Professor Marissa Vigneault
The Art of the Steal
Albert C. Barnes, a man with an inventive outlook and an explicit objective, built the world’s greatest collection of Post-Impressionist art. After his death, Barnes left his collection and educational institution in a trust. To break apart his trust is to break apart Barnes vision. He mapped out the future of his institution, and for a time after his death, his wishes were followed. The Barnes Foundation gained more attention. With increased traffic in the suburbs, the residents complained. The building was mismanaged, and the trustees and court decided to move the collection. The move baffles Barnes’ supporters and riles up art enthusiasts. Barnes’ supporters claim his intentions became irrevocably damaged through unanticipated leadership problems, and the competing agendas of institutions. As the greatest collection of Post-Impressionist art, museums and the city of Philadelphia wanted to move the collection to an improved building where it could receive more traffic. Barnes’ trustees chose to move the collection The final say, legally, lies with the trustees. They chose to move the collection and destroy Barnes’ vision. As the best Post-Impressionist collection in the world, the Barnes deserves to be seen. The decision to move the Barnes was the right one because the building was damaged, great art belongs to everyone, and the trustees chose to do so in the end.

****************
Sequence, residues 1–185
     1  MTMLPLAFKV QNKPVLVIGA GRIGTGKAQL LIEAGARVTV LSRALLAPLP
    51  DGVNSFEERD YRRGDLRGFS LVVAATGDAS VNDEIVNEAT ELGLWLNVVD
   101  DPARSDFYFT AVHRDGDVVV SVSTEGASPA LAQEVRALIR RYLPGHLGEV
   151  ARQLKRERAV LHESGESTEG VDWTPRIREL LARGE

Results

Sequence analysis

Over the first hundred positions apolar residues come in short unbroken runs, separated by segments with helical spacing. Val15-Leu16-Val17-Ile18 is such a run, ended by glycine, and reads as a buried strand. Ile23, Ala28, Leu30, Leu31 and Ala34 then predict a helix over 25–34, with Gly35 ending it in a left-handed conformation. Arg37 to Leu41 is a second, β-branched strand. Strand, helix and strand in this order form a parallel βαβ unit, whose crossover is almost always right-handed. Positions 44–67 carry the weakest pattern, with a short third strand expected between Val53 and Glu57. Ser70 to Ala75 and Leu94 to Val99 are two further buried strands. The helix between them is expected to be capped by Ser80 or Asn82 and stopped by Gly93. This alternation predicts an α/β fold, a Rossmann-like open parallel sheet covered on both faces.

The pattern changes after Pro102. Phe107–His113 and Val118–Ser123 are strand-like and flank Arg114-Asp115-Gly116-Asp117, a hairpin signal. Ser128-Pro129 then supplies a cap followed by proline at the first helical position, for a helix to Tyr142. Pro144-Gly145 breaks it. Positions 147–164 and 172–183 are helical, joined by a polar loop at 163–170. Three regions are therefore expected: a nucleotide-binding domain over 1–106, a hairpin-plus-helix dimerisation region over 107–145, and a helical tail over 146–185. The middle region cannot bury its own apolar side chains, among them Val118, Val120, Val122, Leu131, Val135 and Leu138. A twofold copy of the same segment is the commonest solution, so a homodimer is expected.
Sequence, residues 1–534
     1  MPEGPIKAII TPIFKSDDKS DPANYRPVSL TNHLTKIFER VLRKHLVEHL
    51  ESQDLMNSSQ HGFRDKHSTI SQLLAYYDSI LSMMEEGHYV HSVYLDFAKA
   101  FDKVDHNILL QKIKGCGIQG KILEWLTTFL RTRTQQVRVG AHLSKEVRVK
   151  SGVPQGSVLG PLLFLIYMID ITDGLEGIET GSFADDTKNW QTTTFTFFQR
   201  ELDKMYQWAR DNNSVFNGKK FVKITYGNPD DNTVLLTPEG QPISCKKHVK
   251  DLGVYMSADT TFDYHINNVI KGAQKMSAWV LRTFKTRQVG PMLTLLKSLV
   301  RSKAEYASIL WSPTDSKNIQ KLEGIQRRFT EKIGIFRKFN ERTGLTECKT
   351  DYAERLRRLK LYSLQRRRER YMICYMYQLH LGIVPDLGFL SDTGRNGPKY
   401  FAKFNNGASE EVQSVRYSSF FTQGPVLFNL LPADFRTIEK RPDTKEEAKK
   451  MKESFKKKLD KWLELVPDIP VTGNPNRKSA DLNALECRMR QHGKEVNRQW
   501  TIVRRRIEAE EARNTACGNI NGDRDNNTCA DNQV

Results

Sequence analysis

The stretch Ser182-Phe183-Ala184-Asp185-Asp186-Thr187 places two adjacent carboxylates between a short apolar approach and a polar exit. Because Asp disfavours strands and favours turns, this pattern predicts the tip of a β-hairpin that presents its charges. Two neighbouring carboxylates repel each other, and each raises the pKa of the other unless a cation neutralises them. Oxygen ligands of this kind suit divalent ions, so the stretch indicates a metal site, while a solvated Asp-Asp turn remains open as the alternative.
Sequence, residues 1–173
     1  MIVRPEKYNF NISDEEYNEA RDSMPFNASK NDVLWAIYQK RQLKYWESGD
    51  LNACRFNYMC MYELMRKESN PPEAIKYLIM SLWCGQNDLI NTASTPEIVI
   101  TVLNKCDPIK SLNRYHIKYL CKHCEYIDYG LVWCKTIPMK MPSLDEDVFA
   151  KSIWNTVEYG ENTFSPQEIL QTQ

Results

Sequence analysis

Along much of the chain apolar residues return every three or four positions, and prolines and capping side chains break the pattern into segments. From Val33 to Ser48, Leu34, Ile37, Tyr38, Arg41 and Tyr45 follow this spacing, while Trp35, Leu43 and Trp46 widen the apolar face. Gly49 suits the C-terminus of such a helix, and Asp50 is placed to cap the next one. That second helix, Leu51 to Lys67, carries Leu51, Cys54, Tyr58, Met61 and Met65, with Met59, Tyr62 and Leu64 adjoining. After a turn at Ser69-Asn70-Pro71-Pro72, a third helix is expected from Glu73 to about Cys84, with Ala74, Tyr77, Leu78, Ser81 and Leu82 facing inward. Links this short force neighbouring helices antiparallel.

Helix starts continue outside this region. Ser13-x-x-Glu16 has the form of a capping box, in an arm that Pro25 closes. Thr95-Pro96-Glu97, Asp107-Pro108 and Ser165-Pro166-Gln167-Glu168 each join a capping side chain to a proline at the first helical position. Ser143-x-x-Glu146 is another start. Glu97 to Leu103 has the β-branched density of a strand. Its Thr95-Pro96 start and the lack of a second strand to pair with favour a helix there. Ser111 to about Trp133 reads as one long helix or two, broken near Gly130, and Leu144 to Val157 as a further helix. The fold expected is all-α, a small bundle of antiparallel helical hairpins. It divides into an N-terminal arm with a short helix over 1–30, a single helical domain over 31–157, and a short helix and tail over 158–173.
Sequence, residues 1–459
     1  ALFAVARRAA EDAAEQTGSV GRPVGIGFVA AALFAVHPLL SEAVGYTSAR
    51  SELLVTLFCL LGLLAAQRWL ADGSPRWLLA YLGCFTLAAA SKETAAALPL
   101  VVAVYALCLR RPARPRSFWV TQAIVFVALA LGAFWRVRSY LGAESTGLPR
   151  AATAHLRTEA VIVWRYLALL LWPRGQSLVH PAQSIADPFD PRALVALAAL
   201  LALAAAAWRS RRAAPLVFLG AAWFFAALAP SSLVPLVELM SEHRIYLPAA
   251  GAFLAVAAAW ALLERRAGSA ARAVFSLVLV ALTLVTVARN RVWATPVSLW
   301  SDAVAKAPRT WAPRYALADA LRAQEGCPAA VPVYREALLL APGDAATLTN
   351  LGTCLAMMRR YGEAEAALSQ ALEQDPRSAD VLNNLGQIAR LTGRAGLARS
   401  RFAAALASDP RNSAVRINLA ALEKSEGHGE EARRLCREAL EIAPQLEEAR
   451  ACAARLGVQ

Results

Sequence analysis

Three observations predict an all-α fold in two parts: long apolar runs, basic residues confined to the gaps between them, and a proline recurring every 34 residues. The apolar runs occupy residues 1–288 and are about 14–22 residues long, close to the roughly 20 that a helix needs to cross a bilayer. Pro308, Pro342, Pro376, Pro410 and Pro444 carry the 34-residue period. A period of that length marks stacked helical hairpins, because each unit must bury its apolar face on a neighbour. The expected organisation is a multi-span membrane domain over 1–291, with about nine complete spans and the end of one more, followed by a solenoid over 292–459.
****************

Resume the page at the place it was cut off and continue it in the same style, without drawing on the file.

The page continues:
Albert Barnes built a nest for his…